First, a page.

Had Felons Been Allowed To Vote, Both Gillum And Nelson Likely To Have Won

The recount is over and close two weeks after the midterm elections, Democratic Sen. Bill Nelson conceded to Republican Governor Rick Scott, who reportedly already made a trip to Washington, D.C..

Nelson lost by barely 10,000 votes out of more than 8 million total ballots cast.

Tallahassee Mayor Andrew Gillum was defeated by former Congressman Ron Desantis in the gubernatorial race by a margin of just 33,000 votes; Gillum conceded over the weekend.

With Democrats once again coming up short in a statewide election, many are pointing to the recent ratification of Amendment 4, which restored voting rights to an estimated 1.7 million Floridians with felony convictions: had the ban been lifted prior to the 2018 midterms, those enfranchised felons may have helped lift both Democrats above Scott and Desantis.

Vox recently estimated that additional votes from convicted felons may have given the statewide Democratic ticket what it needed to win–about 48,000 more votes than Republicans.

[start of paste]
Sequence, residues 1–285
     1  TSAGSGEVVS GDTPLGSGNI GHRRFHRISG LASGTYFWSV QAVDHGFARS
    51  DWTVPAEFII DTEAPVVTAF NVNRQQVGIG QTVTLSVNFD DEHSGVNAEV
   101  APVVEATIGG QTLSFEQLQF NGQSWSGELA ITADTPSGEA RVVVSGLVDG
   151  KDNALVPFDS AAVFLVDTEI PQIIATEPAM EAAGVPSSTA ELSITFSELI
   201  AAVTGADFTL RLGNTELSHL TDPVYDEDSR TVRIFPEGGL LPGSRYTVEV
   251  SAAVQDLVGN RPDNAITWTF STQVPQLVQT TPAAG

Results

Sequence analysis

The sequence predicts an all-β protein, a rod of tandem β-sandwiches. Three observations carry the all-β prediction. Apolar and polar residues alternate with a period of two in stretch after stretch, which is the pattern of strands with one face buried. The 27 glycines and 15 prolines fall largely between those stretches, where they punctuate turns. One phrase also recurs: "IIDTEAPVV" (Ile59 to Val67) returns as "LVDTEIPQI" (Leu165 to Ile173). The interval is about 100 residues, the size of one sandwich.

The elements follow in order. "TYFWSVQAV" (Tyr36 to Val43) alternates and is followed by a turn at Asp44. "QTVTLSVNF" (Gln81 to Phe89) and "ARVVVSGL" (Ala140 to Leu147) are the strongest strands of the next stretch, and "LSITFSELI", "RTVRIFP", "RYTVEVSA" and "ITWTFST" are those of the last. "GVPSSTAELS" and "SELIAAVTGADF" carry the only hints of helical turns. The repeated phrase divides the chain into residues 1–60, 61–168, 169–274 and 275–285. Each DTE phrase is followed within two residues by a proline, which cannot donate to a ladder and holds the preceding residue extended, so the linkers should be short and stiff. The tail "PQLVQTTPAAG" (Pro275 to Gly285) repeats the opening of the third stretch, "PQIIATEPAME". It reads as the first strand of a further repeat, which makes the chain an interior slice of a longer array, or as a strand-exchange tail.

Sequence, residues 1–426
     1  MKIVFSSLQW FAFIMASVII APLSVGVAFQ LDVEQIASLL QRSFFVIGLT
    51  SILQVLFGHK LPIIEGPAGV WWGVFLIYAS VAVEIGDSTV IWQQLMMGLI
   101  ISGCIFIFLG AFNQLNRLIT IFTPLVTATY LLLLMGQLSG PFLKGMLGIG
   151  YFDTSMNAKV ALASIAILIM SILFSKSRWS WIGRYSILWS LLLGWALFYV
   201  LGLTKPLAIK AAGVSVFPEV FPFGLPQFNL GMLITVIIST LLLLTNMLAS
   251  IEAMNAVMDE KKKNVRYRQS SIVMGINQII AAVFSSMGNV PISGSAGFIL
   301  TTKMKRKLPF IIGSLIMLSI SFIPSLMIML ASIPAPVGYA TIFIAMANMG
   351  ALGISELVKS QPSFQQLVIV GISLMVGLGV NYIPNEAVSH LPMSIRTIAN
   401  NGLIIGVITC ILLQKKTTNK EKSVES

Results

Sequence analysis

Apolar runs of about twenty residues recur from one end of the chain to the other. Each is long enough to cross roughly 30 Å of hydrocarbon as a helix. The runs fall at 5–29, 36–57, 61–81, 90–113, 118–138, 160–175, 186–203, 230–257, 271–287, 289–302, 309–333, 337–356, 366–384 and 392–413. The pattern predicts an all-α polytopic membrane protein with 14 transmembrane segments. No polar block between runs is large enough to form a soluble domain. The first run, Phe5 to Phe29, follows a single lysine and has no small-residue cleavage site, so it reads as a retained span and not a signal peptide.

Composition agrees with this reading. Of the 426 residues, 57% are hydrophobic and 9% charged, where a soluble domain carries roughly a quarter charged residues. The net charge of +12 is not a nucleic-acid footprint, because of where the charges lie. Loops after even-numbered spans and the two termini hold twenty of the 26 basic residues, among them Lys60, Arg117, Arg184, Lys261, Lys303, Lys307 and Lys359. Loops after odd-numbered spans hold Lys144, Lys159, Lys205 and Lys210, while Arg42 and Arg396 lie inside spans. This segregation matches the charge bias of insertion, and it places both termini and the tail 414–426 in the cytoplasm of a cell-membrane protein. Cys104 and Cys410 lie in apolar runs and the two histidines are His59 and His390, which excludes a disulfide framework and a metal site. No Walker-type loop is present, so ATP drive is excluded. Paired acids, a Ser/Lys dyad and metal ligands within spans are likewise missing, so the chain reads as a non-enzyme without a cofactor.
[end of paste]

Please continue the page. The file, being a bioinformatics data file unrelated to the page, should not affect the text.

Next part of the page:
For years, Florida was one of only 4 states that permanently disenfranchised felons. Only in recent years did the fight to restore their rights gain widespread attention, although many proponents of felon voting rights restoration had been saying for years that the voting ban was wrong, race-based, and is a tool to suppress votes, specifically minority ones.

Unfortunately, those cries were too long ignored by many leading Democratic figures in the state, including Nelson, who came out in support of the lifting of the voting ban only fairly recently.

He probably should have supported lifting the ban a lot earlier.

Moving forward, voting felons are now poised to impact races across the state, so long as they get out and vote.


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